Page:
The next day at work Grace went straight to her desk drawer. She reached inside and her fingers felt the edges of the envelope. She tore it open and took out the single, folded page. It was covered in a scrawled, slanted hand.

Dear Grace
I hope this letter finds you well. So many years have passed since I last saw you. I know there is nothing that I could possibly do or say to make amends for what I caused you. I am so sorry for what I did. I need to tell you that I am sorry. I think about her every day, and you too. This may be asking too much, but I would so appreciate it if you could give me the chance to see you. I want to tell you how sorry I am. You probably don’t want to see me, but it would mean so much to an old man.

Your father, Patrick de Leeuw

“Your father”. Superfluous. As if Grace could have forgotten this fact. She read the letter several times, as if repetition would reveal some different meaning. Patrick was hardly an old man   and calling himself such was manipulative, calculated to tug at  the heartstrings. Perhaps being ill, he felt old. Certainly his life was coming to an end.

Grace’s thoughts turned to Sindi. She had not seen her daughter for two months.  Was  this  excruciating pain she felt at Sindi’s absence something akin to what Patrick was feeling? He could not possibly be missing Grace: how do you miss someone you don’t know?

Grace could see how he could miss Mary. Maybe his longing for his daughter was something different. Perhaps   it was a longing for a respite from guilt. Did he feel guilt? So many questions. Grace turned the letter round and round in her hands. The handwriting looked shaky. She tried to picture Patrick as he penned the words – at a desk? on his lap? – tried to conjure his features, but could not recall them. Right then she decided to see him, but only once. Once was more than he deserved.

She dialled the number at the bottom of the page.

By now Grace had got into the habit of waiting in the street every day outside the home she and David had once shared, on the off chance she’d see him. Eventually, her strategy bore fruit. Grace caught him one night as he was scooping Sindi out of her car seat.

“Please can we talk, David? Please? For Sindi’s sake,” she begged.

He didn’t speak, just gestured with his head for Grace to go up the stairs to the front door. Sindi gurgled at the sight of her mother, stretching out her arms towards Grace, who reached for her, but was swiftly blocked by David.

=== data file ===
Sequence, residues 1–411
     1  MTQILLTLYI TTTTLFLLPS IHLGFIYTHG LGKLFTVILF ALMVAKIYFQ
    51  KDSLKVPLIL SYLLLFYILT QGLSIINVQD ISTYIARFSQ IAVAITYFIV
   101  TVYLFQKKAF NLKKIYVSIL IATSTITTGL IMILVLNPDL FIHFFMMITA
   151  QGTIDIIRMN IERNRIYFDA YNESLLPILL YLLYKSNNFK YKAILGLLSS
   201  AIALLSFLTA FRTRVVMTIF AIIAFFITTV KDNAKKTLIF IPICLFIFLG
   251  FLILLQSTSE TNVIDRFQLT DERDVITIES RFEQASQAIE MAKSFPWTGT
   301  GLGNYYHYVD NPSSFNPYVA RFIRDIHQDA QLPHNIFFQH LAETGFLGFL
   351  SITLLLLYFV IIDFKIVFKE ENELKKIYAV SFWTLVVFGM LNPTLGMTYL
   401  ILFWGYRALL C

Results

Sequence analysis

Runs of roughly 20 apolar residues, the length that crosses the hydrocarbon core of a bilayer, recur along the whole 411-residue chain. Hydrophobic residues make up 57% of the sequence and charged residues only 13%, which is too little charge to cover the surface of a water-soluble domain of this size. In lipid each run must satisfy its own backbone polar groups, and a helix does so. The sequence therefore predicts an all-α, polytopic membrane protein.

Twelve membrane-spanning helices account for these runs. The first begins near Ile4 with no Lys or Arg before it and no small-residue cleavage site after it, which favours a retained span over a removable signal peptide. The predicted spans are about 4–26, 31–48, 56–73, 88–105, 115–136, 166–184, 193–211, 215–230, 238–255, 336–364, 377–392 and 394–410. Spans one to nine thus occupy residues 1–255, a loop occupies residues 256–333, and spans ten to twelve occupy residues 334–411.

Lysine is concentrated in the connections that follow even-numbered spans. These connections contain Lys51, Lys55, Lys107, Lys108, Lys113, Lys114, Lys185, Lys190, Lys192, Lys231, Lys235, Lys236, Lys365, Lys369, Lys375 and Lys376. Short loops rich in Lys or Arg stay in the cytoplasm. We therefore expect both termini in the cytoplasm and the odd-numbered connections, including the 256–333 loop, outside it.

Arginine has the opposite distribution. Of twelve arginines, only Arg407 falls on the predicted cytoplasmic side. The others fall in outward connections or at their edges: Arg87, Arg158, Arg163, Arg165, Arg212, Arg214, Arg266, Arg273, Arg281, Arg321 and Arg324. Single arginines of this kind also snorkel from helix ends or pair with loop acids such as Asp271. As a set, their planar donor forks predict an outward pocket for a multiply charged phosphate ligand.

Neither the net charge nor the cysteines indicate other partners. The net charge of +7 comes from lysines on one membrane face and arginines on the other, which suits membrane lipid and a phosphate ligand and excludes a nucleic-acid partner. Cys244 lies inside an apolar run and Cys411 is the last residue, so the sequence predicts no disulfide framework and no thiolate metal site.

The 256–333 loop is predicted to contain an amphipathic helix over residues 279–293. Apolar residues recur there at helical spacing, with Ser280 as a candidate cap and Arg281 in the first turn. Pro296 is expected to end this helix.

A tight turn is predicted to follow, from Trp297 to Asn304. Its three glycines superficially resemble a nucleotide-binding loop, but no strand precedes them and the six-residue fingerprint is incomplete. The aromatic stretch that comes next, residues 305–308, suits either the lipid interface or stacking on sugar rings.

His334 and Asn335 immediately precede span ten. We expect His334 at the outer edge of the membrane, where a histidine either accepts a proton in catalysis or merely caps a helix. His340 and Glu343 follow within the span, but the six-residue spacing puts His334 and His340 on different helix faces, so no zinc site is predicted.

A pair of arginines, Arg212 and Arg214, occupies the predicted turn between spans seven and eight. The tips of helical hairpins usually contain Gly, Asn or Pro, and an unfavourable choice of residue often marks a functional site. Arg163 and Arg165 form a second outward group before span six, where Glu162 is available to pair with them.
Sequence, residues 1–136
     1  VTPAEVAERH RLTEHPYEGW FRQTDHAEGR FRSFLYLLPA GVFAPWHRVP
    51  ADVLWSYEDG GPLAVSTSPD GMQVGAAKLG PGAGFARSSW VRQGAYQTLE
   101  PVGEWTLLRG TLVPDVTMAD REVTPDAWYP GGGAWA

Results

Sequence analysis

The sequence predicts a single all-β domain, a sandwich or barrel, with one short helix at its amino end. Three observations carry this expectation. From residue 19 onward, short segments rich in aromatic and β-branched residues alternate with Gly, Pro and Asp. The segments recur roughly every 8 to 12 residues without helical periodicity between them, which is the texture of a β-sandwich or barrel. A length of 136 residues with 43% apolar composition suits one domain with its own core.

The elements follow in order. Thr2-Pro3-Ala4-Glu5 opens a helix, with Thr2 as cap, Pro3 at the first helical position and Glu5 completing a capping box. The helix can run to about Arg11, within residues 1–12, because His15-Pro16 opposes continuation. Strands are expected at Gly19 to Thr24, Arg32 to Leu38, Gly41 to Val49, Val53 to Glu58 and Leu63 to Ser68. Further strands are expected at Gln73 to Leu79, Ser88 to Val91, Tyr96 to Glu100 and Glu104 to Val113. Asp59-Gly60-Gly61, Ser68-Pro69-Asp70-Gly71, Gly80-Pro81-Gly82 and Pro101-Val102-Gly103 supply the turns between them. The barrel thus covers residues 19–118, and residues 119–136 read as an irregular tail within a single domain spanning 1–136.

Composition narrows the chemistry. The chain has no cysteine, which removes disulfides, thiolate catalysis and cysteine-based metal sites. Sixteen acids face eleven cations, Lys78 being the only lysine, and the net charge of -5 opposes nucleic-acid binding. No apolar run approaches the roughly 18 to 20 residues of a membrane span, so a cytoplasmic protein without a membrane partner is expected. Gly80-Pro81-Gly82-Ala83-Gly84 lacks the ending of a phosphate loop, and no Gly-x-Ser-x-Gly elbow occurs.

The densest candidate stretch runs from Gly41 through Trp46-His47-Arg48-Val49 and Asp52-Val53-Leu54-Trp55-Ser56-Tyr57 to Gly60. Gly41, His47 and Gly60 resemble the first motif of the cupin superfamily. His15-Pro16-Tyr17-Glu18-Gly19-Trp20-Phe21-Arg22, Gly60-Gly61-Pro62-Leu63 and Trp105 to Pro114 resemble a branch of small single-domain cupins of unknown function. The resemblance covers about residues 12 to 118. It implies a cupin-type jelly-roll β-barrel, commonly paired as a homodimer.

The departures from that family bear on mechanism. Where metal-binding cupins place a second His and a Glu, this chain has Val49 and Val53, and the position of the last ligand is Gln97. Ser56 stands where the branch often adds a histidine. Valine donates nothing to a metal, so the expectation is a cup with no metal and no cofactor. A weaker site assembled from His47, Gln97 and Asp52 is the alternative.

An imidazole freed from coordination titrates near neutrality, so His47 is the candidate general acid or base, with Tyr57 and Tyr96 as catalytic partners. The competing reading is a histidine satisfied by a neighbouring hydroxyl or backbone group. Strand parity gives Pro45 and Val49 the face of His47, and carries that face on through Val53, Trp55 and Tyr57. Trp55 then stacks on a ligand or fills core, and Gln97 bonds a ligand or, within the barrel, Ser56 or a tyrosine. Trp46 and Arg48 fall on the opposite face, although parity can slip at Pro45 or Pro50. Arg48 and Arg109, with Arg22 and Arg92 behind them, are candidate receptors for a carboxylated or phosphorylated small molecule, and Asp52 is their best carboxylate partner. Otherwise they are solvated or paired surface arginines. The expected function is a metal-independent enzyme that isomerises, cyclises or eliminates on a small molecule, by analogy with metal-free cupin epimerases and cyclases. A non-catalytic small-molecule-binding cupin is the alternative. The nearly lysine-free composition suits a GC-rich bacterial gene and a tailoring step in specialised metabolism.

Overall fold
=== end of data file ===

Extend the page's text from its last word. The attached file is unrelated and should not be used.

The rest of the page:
“Just go up the stairs, okay. Don’t make another scene out here on the street.”

They entered the house, an unhappy trio, and once inside, Grace finally grabbed her daughter. Sindi clung to her mother’s neck as Grace wept. Her tears of joy, frustration and longing bubbled up and spilled over into the soft creases of her baby’s neck. Mercifully, David let them be.

Once her tears subsided, Grace covered Sindi with kisses, stroked her limbs, and inhaled her soft fragrance. “My baby!” she exclaimed over and over. Sindi had grown so much – it had been two months since Grace had seen her. The child’s features were changing. She looked more like Grace now than when she was born.

David warmed up some leftover mashed potato and butternut squash for her, and Grace stood by awkwardly as he fed her. He was wonderful with her, always had been. Her absence had clearly deepened the bond between them. She wondered if Sindi had missed her. Did she feel the loss? She seemed happy enough here with David. Grace felt comforted by the knowledge that the child had recognised her, and was delighted to see her. She prayed that David would have mercy on her, that he would have a bit of compassion and give her at least some access to her child. Sindi needed her mother, as Grace needed her daughter. She couldn’t imagine a life without her baby in it.

After Sindi had eaten, Grace and David sat down beside each other on the couch in the living room. They watched the baby crawl around the living room floor. She had started to stand up against the furniture, David explained, was walking around the room while holding onto things. It felt strangely familiar, talking like this, having David regale her with tales of the things she’d missed. They even shared a laugh as familiarity warmed the room, but then he became serious again and an invisible shield went up between them.